Soon those two to three months had passed. Then four. We celebrated his birthday, and a few weeks later it was five months since his surgery. Right now we’re sitting at six months. So much more time than we ever expected, and though I knew it was dangerous I’ve slowly allowed a tiny part of myself to believe maybe we had dodged a bullet. That my dog  was one of the lucky ones who allowed that “approaching” to sneak in ahead of the “100%.” And since we’d been taking him down to the river a lot, I thought maybe I was going to have to break that promise about the bath.

Then earlier this week he had a real bad day. We repeated some blood work and x-rays, and it was the worst news… evidence of metastasis to his liver, and he’s anemic. (HSA is essentially a tumor of blood vessels, so they can rupture and bleed; the anemia suggests that’s what happened although he didn’t lose a critical amount of blood.)

The better news is that there is evidence that his body is repairing the anemia by producing new red blood cells. And by the next morning, he was acting like himself again. He’s eating well, jolly and excited about the things he normally gets jolly and excited about, chewing his bones, coming to work with me and working the crowd for snacks at lunchtime, yelling at Squash when he gets out of line. (Maisy isn’t really in a position to get out of line right now, having torn her other cruciate ligament last week and surgery a few days ago, but that’s a whole ‘nother can of worms.) All we’re really seeing right now is that he doesn’t have much stamina; he gets tired more easily and sleeps a lot more.



So now I know for sure what I really knew in my heart knew before; that he’s not part of the “approaching.” And I’m sad, really sad, although part of me realizes that in reality nothing has really changed… we just have that final piece of certainty plugged into the equation and a more specific time cap. We’re down to a few weeks, mostly likely a month at most, and I don’t want him to go. But at least we’ve had so, so much more time than we ever expected. Really good quality time, and I’m so grateful for it. He can’t really hike or birdwatch at the park with me anymore, but he can still chew sticks in the backyard while I read and there are some boat launches nearby where I park close enough that he can wade around in the water and eat grass on the riverbank… the things that make him happiest.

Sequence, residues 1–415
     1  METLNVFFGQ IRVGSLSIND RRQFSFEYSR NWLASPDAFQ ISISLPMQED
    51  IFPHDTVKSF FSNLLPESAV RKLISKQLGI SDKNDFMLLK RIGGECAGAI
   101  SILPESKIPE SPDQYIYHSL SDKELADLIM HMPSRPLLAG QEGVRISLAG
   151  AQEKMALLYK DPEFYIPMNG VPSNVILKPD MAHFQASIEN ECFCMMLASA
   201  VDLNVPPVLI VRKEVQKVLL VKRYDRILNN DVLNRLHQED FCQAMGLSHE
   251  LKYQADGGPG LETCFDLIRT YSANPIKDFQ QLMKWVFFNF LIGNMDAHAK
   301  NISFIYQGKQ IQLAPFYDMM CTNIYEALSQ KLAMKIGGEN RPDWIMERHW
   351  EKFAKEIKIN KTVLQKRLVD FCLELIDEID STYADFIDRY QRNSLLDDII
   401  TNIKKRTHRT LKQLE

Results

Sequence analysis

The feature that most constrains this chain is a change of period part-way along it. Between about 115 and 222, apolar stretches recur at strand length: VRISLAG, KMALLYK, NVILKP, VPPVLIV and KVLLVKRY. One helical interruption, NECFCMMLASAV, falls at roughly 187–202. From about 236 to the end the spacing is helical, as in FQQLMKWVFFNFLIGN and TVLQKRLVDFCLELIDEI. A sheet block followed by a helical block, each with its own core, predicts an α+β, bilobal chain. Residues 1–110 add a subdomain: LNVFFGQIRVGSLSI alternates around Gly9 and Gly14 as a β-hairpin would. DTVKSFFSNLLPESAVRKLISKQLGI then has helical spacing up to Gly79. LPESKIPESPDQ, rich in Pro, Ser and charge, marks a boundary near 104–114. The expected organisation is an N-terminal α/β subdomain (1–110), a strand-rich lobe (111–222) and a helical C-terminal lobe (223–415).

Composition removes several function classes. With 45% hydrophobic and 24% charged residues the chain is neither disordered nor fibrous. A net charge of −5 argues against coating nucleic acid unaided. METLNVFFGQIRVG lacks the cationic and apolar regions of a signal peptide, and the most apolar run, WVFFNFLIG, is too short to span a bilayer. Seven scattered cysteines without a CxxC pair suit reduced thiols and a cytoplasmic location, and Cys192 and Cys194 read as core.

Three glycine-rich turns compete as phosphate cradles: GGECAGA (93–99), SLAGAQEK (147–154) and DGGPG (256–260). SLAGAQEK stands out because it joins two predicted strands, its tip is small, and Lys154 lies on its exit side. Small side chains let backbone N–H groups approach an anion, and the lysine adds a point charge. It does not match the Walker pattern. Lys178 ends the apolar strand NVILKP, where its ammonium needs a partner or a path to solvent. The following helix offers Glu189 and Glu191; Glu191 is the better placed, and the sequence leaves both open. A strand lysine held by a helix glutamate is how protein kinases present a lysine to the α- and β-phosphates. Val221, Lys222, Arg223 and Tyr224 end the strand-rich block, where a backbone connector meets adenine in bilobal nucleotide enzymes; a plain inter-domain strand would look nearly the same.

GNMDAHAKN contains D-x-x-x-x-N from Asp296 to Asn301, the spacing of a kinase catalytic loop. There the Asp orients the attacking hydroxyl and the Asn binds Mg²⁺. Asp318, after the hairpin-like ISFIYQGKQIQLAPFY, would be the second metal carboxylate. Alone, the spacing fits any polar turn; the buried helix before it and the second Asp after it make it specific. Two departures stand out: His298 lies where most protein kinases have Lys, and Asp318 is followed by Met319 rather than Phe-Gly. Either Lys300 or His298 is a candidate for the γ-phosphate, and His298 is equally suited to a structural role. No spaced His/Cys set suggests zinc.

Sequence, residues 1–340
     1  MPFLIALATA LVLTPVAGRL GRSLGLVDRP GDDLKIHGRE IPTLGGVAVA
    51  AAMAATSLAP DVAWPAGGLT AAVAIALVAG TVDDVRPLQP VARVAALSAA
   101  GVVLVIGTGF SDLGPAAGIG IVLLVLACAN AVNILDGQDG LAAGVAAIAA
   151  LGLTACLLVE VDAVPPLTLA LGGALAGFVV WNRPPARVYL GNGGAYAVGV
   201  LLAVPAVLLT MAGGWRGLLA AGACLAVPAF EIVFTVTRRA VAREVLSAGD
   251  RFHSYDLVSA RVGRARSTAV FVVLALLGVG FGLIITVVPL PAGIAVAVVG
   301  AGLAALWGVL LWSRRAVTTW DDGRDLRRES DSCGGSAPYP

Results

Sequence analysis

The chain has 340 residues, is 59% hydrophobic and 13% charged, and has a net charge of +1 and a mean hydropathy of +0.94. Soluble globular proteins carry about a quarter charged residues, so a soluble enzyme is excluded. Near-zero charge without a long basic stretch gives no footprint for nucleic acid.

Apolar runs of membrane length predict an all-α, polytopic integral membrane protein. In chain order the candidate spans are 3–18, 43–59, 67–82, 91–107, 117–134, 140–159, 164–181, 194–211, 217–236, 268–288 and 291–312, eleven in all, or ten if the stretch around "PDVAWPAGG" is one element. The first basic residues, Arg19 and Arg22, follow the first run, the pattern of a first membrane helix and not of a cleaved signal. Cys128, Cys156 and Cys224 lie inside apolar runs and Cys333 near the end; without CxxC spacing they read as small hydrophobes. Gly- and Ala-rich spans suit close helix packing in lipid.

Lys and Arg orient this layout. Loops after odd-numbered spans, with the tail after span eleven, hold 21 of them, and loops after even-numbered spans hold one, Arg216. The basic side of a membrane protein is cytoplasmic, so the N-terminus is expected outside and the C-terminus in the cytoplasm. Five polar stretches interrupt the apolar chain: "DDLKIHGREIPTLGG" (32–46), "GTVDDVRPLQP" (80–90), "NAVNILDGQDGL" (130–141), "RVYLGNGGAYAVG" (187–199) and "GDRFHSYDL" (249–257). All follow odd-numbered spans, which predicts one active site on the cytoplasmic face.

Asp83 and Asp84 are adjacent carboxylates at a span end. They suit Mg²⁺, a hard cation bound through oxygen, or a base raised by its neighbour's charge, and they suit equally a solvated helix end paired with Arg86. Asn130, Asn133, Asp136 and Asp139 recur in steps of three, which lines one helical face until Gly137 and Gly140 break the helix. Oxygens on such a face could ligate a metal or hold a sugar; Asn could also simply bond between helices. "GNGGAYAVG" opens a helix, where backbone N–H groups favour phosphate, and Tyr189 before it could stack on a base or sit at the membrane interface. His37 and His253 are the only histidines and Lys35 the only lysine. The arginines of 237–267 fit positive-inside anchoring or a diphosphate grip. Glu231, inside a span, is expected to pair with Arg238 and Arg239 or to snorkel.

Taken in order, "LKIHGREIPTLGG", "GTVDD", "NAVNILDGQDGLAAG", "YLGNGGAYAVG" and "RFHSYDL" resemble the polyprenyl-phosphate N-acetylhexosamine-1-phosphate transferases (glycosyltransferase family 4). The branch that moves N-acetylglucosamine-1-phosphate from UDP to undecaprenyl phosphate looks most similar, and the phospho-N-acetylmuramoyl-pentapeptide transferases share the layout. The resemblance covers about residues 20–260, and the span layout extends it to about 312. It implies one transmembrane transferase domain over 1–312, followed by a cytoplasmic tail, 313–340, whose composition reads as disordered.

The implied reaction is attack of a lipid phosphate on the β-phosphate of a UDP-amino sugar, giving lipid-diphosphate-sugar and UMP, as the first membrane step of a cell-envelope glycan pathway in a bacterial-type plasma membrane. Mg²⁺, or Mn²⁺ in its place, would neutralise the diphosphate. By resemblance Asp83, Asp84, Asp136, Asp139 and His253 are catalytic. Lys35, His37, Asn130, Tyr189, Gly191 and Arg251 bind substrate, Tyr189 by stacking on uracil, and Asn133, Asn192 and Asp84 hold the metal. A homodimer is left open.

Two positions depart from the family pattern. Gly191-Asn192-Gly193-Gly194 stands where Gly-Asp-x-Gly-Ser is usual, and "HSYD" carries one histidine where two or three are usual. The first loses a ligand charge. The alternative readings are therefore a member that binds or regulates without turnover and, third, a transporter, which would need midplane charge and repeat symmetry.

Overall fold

If the rules were relaxed before, we’ve gone positively feral at this point… chicken with breakfast, a spoonful of whipped cream at lunch, roasts in the slow cooker specifically for him, bites of Kit Kats. He goes where he wants, when he wants.

And absolutely no baths.



Posted in Health, Not Mushing, Pip | 1 Comment

Roadkill Willpower Depletion

Now that I broke the seal, we’ve been doing more bikejoring than scootering this spring. Aside from some stretches of rain and a few random heat waves, the weather has been pretty cooperative.



Yesterday we had a couple of encounters with a turtle that had been run over (RIP, turtle and SLOW DOWN, state park drivers! The speed limit is already only 20mph here.). The first video is on the way out and the second video is on the way back.



Pretty different!  One thing this makes me ponder is the concept of “willpower depletion” as it relates to my training and expectations of the dogs. You can read more about it here, but the basic idea is that we all have a limited amount of willpower to dole out during the day and as it gets used up, it gets harder and harder to exert self-control in tempting situations. It’s not settled science by any means, and you can find just as many articles that refute as support it.

The danger lies in either using it as an excuse rather than an explanation or ascribing it too much power and lowering your expectations as a result. There are lots of things that were different about these two encounters to explain the difference, chief among them that none of us knew it was there on the first pass but we all knew it was there on the second pass – and a Squash never, never forgets.  Also, the first time we went by we came around a corner off a dirt trail to the road and had a very short distance to even see and register what it was. The second time, we had a long straight stretch of road ahead of us where it was visible.

So I suspect that on that second pass he’d mostly just had an awful lot of time to see it, realize/remember what it was, think about much he wanted it, and commit to a plan.  With maybe just a little pinch of being a little tired and bored and willpower depleted.